> Watching Myself Code
> One incredibly useful exercise I’ve found is to watch myself program. Throughout the week, I have a program running in the background that records my screen. At the end of the week, I’ll watch a few segments from the previous week. Usually I will watch the times that felt like it took a lot longer to complete some task than it should have. While watching them, I’ll pay attention to specifically where the time went and figure out what I could have done better. When I first did this, I was really surprised at where all of my time was going.
> For example, previously when writing code, I would write all my code for a new feature up front and then test all of the code collectively. When testing code this way, I would have to isolate which function the bug was in and then debug that individual function. After watching a recording of myself writing code, I realized I was spending about a quarter of the total time implementing the feature tracking down which functions the bugs were in! This was completely non-obvious to me and I wouldn’t have found it out without recording myself. Now that I’m aware that I spent so much time isolating which function a bugs are in, I now test each function as I write it to make sure they work. This allows me to write code a lot faster as it dramatically reduces the amount of time it takes to debug my code.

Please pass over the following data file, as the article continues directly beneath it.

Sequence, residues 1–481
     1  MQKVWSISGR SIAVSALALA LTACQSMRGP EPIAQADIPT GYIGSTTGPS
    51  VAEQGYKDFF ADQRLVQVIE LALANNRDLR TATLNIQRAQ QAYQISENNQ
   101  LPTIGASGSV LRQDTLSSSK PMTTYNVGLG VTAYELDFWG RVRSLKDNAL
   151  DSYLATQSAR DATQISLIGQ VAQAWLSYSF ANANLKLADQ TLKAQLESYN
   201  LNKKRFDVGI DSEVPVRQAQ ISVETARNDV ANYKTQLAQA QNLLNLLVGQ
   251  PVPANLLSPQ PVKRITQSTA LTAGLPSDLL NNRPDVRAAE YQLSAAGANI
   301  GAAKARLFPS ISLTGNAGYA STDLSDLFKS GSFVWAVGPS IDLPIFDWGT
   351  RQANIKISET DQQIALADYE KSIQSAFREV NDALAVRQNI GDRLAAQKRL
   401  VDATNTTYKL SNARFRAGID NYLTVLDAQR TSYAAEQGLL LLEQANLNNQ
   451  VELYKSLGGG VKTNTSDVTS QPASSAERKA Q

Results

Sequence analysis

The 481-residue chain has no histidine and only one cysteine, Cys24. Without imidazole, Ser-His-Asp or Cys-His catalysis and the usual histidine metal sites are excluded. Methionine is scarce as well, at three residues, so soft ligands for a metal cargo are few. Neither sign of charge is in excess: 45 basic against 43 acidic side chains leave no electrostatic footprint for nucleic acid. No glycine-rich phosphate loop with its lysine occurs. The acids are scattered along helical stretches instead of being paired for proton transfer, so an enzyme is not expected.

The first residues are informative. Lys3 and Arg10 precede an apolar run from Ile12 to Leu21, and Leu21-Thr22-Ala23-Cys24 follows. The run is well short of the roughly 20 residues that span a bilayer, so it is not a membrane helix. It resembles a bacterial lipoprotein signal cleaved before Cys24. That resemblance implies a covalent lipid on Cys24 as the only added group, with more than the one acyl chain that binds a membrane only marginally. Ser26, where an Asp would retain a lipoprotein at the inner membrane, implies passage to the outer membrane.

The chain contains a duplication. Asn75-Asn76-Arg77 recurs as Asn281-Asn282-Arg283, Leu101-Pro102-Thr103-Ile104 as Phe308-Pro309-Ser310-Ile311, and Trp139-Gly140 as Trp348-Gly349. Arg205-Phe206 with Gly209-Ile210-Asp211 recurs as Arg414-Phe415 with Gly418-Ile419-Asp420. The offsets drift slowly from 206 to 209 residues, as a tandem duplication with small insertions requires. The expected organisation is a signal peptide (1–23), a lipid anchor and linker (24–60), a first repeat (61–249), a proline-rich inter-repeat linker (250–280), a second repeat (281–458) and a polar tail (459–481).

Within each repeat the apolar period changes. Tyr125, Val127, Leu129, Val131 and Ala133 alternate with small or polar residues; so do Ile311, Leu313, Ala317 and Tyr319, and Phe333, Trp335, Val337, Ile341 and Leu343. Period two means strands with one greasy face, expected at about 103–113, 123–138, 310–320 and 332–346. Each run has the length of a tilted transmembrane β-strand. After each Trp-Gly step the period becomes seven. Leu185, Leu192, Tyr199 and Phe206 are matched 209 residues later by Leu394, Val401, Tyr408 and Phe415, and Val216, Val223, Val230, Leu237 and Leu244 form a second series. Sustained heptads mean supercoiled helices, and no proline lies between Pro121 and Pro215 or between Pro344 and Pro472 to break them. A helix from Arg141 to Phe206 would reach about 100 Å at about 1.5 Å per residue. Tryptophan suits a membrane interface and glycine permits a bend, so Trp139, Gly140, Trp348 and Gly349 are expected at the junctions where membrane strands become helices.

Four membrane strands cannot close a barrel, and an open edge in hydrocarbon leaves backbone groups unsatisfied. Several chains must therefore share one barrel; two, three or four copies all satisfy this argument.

The main benefit comes from review. If you review the slow parts then you notice the patterns that slowed you down.
Even private videos on YouTube can still be accessed by their engineers and might get exposed to the public in case of a bug.
Especially as a developer you most likely have access to confidential things, whether it's code (that could reveal internals of the business you're working for, or a very efficient algorithm that can be considered a trade secret and the company would want to protect it) or secrets (API keys, etc) that might be temporarily displayed on the screen while you're copy/pasting them around.
Also, saving the work methods of people certainly has value for later analysis, but I'm not sure how much it breaks workers' intellectual properties.
Another option is to just detect when I'm not speaking, or typing.
Pretty ridiculous especially with private videos. I would definitely shop the upload to YouTube part if I tried this.
Thanks for sharing, this is the stuff I browse HN for.
It also forces me to think out loud which I found it useful because it helps me improve the way I would communicate my thought process to someone else.